Israel Litwak was born in Odessa, Russia, and apprenticed to a cabinetmaker at eleven years of age. In 1903 he emigrated to the United States with his wife and their two children, settling in the East Flatbush neighborhood of Brooklyn.
By the age of seventy, Litwak was no longer able to build furniture and decided to try his hand at fine art, working first in crayon, and then in oil. Although he had never painted before, he had always enjoyed visiting museums and deeply admired the Old Masters. In 1939 he took some of his pictures to the Brooklyn Museum. The curator Carl Schniewind, immediately recognized Litwak’s talent and mounted a one-man show. The artist became quite well known in the 1940’s, and in 1946 was the subject of an illustrated article in Time Magazine.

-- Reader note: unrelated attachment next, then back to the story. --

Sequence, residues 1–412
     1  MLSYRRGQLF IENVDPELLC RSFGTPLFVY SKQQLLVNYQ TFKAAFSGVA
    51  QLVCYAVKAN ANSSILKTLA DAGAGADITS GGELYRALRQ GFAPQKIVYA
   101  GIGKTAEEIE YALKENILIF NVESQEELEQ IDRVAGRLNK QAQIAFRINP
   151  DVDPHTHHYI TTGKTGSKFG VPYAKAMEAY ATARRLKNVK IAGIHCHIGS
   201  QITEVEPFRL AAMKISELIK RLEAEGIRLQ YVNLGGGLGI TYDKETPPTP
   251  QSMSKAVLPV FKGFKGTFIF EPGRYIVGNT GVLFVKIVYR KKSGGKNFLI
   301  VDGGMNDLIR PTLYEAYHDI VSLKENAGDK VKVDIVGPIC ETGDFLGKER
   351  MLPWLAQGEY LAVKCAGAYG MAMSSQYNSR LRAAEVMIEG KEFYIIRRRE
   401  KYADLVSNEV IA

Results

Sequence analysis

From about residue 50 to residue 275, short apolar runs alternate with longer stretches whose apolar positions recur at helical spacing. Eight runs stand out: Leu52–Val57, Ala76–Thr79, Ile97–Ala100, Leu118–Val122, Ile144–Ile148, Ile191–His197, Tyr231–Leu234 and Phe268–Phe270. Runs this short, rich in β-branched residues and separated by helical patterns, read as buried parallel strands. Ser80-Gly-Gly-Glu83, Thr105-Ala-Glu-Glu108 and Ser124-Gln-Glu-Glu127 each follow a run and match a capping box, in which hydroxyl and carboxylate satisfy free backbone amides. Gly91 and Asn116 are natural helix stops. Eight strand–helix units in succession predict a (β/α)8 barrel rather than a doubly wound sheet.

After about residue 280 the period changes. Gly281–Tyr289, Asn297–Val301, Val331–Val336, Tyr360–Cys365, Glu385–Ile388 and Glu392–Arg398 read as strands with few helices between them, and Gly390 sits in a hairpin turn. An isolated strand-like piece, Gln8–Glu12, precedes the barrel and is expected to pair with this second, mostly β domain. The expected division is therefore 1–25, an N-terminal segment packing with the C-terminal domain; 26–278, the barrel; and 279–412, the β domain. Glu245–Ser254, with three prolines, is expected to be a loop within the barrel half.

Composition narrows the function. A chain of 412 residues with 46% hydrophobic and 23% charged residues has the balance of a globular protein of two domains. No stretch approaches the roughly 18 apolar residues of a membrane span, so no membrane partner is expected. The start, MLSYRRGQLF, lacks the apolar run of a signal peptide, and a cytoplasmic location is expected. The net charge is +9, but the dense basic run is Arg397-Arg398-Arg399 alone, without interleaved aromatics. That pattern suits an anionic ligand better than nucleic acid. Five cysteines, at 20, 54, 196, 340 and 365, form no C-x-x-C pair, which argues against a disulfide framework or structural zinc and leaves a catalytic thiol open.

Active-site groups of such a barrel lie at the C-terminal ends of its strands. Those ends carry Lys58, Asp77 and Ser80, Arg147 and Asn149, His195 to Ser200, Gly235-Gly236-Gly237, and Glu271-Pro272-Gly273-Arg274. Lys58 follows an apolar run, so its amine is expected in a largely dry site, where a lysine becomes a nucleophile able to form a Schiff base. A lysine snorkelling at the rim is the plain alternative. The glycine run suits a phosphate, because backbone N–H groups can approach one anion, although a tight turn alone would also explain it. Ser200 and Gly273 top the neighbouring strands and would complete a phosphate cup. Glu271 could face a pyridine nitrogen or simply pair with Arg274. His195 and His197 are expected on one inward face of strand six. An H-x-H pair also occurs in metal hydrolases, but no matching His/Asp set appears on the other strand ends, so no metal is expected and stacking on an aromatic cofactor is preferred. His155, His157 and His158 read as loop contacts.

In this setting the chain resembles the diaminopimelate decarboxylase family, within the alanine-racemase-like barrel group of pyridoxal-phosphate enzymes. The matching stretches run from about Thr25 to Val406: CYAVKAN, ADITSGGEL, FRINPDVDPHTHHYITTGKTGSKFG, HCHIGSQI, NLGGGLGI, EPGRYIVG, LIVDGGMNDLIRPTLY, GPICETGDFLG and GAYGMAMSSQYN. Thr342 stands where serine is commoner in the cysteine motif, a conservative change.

Beginning in the early 1950s, Otto Kallir included works by Israel Litwak in group shows at the Galerie St. Etienne, as well as in traveling exhibitions he sent to Europe. Kallir became more personally acquainted with Litwak in 1956, expressing his admiration for the artist’s paintings and encouraging him to pick up the brush again after a period of illness.